It is well understood that fire fighters are exposed to contaminants. Those contaminants soil fire fighter PPE (personal protective equipment), and the soiled PPE cross-contaminates everything it contacts.
As a consequence, turnout clothing is being cleaned more frequently. However, it is still not known if current or new cleaning procedures adequately remove such contaminants from PPE.
This project is borne out of concerns from the fire service stakeholder community for contamination that may adversely impact long term health and wellness. The fundamental questions being asked are “How clean is clean?” and “How do I know my gear is clean?” General cleaning exist for the stakeholder community in NFPA 1851, Standard on Selection, Care, and Maintenance of Protective Ensembles for Structural Fire Fighting and Proximity Fire Fighting. But more science is needed to support, clarify and enhance those procedures. An NFPA 1851 cleaning task group has been attempting to address this topic on behalf of the responsible NFPA technical Committee, and this task group is closely following the work of this research project.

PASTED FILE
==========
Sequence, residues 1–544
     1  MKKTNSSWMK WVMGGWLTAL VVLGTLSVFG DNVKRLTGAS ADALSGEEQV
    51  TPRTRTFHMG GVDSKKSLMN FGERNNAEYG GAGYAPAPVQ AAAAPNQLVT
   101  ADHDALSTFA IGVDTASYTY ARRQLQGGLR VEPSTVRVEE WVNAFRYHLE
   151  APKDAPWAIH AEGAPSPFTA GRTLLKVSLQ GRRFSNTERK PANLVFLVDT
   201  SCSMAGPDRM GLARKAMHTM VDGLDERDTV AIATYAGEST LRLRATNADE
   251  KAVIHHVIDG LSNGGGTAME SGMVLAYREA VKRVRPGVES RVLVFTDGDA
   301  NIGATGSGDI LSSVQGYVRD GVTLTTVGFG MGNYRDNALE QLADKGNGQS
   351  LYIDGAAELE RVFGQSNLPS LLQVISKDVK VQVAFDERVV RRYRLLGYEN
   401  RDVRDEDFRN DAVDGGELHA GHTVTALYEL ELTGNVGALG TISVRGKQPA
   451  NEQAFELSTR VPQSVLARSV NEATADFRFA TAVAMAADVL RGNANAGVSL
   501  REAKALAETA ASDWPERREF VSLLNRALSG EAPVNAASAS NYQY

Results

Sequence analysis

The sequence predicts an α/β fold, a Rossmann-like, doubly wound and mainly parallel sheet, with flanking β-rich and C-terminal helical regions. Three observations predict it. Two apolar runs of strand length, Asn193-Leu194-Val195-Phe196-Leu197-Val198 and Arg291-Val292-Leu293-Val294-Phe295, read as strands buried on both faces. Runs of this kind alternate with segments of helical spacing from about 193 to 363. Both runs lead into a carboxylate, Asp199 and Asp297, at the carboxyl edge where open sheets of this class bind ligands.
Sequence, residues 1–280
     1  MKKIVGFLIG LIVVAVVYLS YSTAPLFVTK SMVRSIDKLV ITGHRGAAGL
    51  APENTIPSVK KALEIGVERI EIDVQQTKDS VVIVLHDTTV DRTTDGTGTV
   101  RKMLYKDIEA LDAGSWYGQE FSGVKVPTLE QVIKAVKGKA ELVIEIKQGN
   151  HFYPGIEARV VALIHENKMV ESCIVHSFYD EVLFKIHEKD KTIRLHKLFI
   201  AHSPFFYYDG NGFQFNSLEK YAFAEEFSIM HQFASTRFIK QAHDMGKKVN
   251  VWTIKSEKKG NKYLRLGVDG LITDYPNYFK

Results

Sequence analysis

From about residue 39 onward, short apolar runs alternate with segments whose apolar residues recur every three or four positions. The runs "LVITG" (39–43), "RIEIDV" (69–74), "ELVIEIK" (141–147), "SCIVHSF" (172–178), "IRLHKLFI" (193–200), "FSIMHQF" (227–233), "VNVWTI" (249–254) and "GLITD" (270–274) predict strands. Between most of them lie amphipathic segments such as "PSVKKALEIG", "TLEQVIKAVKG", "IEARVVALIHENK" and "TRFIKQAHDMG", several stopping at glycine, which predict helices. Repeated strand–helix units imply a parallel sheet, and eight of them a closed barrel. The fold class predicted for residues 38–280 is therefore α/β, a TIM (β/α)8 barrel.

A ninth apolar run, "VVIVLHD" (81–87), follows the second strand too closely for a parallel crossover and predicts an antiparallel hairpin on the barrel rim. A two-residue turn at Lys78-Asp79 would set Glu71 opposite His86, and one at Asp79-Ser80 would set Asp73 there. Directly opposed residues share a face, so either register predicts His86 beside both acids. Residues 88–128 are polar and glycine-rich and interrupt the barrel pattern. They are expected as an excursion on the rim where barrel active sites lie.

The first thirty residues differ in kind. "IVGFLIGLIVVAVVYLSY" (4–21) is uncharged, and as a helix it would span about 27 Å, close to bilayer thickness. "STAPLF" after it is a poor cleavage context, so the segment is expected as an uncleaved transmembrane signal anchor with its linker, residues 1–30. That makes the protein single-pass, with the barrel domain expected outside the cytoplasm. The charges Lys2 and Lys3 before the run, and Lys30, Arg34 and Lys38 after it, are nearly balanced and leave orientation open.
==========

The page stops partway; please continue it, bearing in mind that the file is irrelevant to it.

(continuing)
How did this fire PPE cleaning project even come to be? This 7-minute video explains how the NFPA 1851, Standard on Selection, Care, and Maintenance of Protective Ensembles for Structural Fire Fighting and Proximity Fire Fighting, cleaning task group work turned in to this AFG/NFPA/FPRF/NIOSH cleaning project.
Additional details on this research project and related work is available in a 28-page Fire Engineering Magazine article titled “PPE: How Clean is Clean,” published by Pennwell as a January 2018 Supplement.
Beginning in late 2015, a four-phase PPE research project was initiated to use scientific methodology to identify and establish procedures for ensuring optimum contaminant removal from fire fighter PPE. Further progress in this effort is described below.
Additional information on this project includes the following:
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Is this issue important to you? Do you want to help address fire fighter safety and health? If you want to be on our mailing list (used only for this project), please provide your e-mail address. We will notify you when interim and final reports/updates are available.
If you want additional information pertaining to the NFPA 1851 cleaning task group (handled separately from this research project), you can email the task group chair Tim Tomlinson.